Indigenous actors call out racism on Neighbours set: ‘Lonely, triggering, and traumatising’

Actors Shareena Clanton and Meyne Wyatt have alleged they experienced and witnessed racism, sexism and homophobia while working on the set of Neighbours.

Shareena Clanton, an actor of Wangatha, Yamatji and Gidja descent, is best known for her role as Doreen Anderson on Wentworth. This year, she joined the Neighbours cast in a guest role – but in an Instagram post this week, Clanton said that she was ‘struggling to post anything positive’ about her time on the show.

In her post, Clanton outlined ‘multiple racist traumas and navigating ongoing counselling from this highly problematic show.’ She continued, ‘It’s been lonely, triggering and traumatising to work in such a culturally unsafe space.’

In the same post, Clanton describes a series of interactions on set, including a white actor referring to an actor of colour as a ‘lil monkey’, and the use of the racial slurs on-set and in the green room, and alleged that she had to pay for cultural consultation with a Wurundjeri Elder out of her own pocket, after her request for a consultation budget was denied by the production team. She also described the regular use of sexist and sexually charged comments that were dismissed by HR.

Her testimony was quickly supported by Yamatji and Wongatha actor Meyne Wyatt, who played series regular Nate Kinski on Neighbours between 2014-2016. He described Clanton’s allegations of racism as ‘disappointing but not at all surprising.’

‘These attitudes are prevalent throughout the industry. And we are fucken tired of calling this shit out.’

Meyne Wyatt

On Instagram, he described racial slurs being used on set, and he said he has ‘no doubt things were being said behind my back. I have too much experience to believe otherwise.’ 

Wyatt added that homophobia was rampant on set, with ‘comments and jokes and innuendoes’ creating a ‘very unsafe environment.’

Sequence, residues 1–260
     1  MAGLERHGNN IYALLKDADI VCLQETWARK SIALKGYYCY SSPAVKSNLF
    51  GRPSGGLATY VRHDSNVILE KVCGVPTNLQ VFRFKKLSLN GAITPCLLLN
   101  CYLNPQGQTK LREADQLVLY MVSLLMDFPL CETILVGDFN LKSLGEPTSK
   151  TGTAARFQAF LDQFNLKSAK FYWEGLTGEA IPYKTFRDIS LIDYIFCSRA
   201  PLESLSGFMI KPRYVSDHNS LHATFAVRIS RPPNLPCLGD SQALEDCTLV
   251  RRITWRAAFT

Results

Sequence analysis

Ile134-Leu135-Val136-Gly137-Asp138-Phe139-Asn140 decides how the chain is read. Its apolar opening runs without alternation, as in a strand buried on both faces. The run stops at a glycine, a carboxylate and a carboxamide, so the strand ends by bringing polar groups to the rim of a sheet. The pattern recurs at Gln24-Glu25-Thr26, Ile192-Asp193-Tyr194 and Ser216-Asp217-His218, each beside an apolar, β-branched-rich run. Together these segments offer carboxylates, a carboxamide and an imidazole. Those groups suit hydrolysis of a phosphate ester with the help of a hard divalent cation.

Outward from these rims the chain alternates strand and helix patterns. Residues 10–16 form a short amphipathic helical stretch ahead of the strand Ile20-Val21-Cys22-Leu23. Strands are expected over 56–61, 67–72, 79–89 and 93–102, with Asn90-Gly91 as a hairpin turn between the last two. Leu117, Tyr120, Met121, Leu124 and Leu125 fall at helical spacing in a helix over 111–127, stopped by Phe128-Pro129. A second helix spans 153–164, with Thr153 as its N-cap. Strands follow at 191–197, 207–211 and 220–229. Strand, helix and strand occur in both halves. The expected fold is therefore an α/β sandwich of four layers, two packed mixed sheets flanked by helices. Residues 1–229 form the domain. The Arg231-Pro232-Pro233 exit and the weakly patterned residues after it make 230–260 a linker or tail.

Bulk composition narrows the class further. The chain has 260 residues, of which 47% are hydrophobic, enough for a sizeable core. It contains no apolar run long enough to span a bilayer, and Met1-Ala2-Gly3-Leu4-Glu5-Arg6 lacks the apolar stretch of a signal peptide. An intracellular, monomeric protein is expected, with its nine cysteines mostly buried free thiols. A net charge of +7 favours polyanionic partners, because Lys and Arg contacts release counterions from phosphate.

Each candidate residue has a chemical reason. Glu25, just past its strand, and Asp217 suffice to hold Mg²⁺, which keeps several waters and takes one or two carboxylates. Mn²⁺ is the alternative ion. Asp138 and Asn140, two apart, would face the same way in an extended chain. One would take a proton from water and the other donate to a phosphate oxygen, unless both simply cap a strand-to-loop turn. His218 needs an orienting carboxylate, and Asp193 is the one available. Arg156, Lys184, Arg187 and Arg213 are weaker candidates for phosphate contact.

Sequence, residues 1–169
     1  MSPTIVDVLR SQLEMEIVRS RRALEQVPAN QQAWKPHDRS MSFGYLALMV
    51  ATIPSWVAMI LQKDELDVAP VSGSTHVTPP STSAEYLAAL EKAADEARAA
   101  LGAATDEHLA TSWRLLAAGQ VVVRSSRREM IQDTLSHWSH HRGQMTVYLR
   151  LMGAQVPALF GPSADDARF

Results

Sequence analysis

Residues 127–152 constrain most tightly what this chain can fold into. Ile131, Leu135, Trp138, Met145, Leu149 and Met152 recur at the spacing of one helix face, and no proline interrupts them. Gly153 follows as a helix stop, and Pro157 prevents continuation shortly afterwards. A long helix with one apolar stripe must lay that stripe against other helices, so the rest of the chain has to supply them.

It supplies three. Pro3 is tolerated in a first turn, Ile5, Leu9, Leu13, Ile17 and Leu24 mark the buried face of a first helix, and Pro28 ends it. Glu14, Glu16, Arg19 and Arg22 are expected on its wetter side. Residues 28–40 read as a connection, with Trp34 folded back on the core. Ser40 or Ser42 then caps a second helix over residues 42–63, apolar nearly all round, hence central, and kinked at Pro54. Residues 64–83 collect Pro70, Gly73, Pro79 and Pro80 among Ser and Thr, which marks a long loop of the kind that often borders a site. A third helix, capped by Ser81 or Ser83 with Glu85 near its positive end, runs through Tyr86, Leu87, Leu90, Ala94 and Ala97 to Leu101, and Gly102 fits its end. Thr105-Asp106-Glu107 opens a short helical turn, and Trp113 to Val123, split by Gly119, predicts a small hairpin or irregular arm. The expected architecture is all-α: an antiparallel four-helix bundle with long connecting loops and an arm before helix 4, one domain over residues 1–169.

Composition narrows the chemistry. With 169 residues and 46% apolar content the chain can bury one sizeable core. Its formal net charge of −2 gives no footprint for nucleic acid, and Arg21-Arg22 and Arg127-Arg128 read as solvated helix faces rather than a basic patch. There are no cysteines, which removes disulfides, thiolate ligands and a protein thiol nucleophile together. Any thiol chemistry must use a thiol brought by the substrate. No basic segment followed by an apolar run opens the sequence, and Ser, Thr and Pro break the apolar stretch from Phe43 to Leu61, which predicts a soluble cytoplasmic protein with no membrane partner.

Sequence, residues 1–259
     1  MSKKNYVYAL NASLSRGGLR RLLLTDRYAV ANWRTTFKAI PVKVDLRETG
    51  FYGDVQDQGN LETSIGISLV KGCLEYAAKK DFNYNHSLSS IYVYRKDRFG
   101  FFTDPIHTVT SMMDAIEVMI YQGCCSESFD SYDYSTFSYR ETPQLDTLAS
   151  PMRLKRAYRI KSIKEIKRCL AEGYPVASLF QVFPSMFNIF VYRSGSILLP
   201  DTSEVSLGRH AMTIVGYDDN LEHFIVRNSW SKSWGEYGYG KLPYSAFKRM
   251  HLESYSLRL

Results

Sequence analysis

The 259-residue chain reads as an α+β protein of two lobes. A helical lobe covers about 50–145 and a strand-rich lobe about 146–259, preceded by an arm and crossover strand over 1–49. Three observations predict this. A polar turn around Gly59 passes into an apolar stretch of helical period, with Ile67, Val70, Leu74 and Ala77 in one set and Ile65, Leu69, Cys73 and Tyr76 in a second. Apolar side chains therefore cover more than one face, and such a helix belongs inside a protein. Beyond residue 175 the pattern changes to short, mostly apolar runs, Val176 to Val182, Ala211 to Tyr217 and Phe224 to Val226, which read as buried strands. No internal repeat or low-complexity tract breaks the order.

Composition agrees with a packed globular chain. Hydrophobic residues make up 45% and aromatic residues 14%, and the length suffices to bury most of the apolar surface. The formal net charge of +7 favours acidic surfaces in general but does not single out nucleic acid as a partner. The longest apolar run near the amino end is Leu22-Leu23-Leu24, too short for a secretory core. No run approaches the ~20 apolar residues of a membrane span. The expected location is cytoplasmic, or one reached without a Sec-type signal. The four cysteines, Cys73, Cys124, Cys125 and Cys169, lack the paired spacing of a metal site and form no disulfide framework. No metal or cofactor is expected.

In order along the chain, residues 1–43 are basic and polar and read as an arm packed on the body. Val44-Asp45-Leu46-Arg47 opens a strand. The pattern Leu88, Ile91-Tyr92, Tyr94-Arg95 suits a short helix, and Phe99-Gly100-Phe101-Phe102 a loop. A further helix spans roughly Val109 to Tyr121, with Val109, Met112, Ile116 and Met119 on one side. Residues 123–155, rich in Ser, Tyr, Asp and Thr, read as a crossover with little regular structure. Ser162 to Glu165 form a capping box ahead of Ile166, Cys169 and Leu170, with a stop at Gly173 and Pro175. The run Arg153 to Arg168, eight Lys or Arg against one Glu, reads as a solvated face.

He condemned racism, homophobia, and sexism in the film and television sector, stating that: ‘These attitudes are prevalent throughout the industry. And we are fucken tired of calling this shit out.’

Wyatt joined the Neighbour’s cast just before the show’s thirtieth anniversary, and noted despite the show’s long history, he was the first Indigenous series regular. 

Following these allegations, MEAA released a statement condemning racism in the workplace. The statement read: ‘The situation highlighted at Neighbours shows that as an industry we need to get serious about how we are ensuring our content and workplaces are culturally safe for all workers.’

It followed on to say that MEAA have written to Fremantle Media, the production company behind Neighbours ‘to insist on the development of anti-racism, sexual harassment and discrimination training for all staff on a screen set.’

Last year, a clip from Q&A of Wyatt delivering a monologue from his autobiographical play City of Gold went viral. In the monologue he condemned tokenism, and the racism experienced by Indigenous people in the public eye:

‘Being Blak and successful comes at a cost, you take a hit whether you like it or not. Because you like your Blaks quiet and humble – you can’t stand up.’ 

In response to these allegations, Fremantle Media have brought on Indigenous cultural consultancy firm Campfire X to perform a review of Neighbours’ production process. CEO of Fremantle Asia Pacific Chris Oliver-Taylor released the following statement to Screenhub:

‘Fremantle is committed to providing an environment where employees and others in the workplace are treated fairly and with respect, and are free from unlawful discrimination, harassment, victimisation and bullying. We do not tolerate behaviour that does not align to our Anti-Discrimination, Equal Employment Opportunity (EEO), Harassment & Bullying Policy and take all complaints very seriously, investigating all allegations fairly and thoroughly. We have asked Campfire X, creative leaders in Indigenous Cultural Protocols, to conduct an independent review of Neighbours and the production process.’

Jini Maxwell is a writer and curator who lives in Naarm. They are an assistant curator at ACMI, where they also host the Women & Non-binary gamers club. They write about videogames and the people who make them. You can find them on Twitter @astroblob